Bernard Jackman: Pressure on players now to make good decisions

When Rory Best blamed Joe Schmidt for taking too much control in 2019 — he inadvertently heaped pressure on the class of 2020. With the Kiwi out of the loop now that excuse no longer exists.

Bernard Jackman: Pressure on players now to make good decisions

When Rory Best blamed Joe Schmidt for taking too much control in 2019 — he inadvertently heaped pressure on the class of 2020.

With the Kiwi out of the loop now, having — like Best — retired after the disappointment of Japan, that excuse no longer exists.

Andy Farrell, Schmidt’s former deputy, is now the sheriff, and Mike Catt the deputy in charge of helping the side to find their gunslinging skills all over again.

There’s little change in Farrell’s XV compared to a Schmidt selection, and now Bernard Jackman believes the players will have nobody to blame if things go pear-shaped again.

“There’s no point saying Joe put the handbrake on, part of being a world class player and leader is sensing that and stopping it,” said Jackman, part of RTÉ’s 2020 Six Nations coverage.

“The players have to step up and work on that. They worked well in 2018, and not in 2019... but there’s more than just one person to blame.

The players will have big regrets that they let things become the way they did in Japan, and they lost a major World Cup opportunity.

“Highly successful people are very good at moving on — but also, generally, they are good at reviewing something, understanding what happened, and learning from it, while not getting too hung up on it.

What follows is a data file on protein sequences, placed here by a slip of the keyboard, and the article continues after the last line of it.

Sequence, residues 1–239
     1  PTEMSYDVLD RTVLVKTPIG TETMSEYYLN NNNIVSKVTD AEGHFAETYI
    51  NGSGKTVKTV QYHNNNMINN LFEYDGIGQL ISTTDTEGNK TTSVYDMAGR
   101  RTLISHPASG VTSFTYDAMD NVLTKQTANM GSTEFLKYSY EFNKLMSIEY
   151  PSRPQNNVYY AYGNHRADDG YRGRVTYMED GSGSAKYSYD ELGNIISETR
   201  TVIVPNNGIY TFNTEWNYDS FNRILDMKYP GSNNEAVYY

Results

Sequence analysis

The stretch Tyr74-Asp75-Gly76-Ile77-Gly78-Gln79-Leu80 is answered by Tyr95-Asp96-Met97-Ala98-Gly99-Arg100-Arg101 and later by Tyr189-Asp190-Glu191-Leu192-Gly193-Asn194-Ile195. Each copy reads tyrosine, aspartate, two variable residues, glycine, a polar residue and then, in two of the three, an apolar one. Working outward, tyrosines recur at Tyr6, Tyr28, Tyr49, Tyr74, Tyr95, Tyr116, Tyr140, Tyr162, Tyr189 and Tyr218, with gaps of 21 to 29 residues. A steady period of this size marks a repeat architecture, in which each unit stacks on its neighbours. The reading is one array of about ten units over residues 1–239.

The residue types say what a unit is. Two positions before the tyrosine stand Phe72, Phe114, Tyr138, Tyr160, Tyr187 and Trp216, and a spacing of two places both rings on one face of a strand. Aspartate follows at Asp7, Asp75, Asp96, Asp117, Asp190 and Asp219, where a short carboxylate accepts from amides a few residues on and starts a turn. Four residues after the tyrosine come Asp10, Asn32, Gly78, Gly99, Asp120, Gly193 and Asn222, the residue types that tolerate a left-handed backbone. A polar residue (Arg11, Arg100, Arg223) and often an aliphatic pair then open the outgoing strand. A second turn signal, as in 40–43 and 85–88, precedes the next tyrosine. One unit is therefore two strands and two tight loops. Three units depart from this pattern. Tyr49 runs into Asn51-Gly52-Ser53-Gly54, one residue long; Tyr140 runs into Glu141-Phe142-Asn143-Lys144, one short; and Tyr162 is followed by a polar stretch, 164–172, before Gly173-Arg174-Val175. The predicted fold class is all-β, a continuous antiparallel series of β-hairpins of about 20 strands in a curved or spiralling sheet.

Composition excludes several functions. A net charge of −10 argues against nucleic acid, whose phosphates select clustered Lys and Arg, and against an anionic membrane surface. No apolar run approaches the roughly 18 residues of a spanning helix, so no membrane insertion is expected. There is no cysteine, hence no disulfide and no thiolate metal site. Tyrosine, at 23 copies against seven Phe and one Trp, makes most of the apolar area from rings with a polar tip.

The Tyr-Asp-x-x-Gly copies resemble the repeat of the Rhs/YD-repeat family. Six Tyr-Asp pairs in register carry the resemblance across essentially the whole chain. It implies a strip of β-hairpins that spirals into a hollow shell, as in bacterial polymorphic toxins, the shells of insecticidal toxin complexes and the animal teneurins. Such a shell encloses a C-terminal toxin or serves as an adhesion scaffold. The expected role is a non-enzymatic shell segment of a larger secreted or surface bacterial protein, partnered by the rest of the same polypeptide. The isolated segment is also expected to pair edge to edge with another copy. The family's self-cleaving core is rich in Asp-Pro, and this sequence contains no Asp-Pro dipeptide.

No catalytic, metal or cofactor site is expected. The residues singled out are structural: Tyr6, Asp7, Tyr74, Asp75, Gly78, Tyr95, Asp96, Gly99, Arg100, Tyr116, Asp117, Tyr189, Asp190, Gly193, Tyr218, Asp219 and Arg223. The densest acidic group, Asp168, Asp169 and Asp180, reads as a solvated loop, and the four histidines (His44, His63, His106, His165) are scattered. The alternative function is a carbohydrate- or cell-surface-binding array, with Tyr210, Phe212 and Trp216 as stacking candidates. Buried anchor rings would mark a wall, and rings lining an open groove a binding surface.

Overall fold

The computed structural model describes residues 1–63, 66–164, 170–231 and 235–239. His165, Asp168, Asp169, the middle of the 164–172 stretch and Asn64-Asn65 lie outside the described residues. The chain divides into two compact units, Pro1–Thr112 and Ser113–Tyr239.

“It’s first stage at bootcamp for academy lads to learn to look ahead, but in saying that I’m not sure it’s 100% parked yet.

“There will be moments there over the next three-four years for players who will make it to the next World Cup, and they’ll think about what went wrong in Japan — and for fellas who don’t make it, it’ll always be there.

I heard Joe interviewed last Saturday night at an injured players event and I felt even his understanding is better than it was two months on, compared to how he spoke when he returned from Japan.

“So for the players, getting back to the provinces and seeing the mood there, they’ll understand it more now too and hopefully how to improve.”

Farrell is not the only change in the Ireland coaching set up, with Catt taking over as attack coach and Simon Easterby in charge of defence.

Winger Jacob Stockdale has spoken positively of the change in approach coming from the top, but Jackman warns it may take time to bed in — and says a new tactical approach may also put more pressure on players to perform.

“I don’t see Simon changing the Irish defence drastically unless Andy’s learned and wants it to be changed, but the attack will be interesting,” Jackman said.

“It’s all well and good saying we’ve more freedom, but that puts more pressure on the players in a roundabout way.

“If you speak to Munster lads, they’re over the moon with new attack coach (Stephen Larkham) but is it effective? Against Ulster away, it was one of the worst attacking performances I’ve seen — it certainly didn’t make them more dangerous.

“I believe attack takes longer to fix so that can take pain, they will need patience and while the Irish players will love positive feedback and a fresh voice — they will need to translate that into better, attacking rugby, and they’ll need to execute better on the pitch.

“In Japan our catch-pass was horrendous — we looked like a team with poor skills, but Irish players are very skillful, it just shows what can happen when pressure is on and the camp isn’t happy.

We had too many out of form players, playing, and when they’re not going well they look unskilful.

“The pressure is on the players now to make good decisions and if that comes off there’ll be praise all round.”

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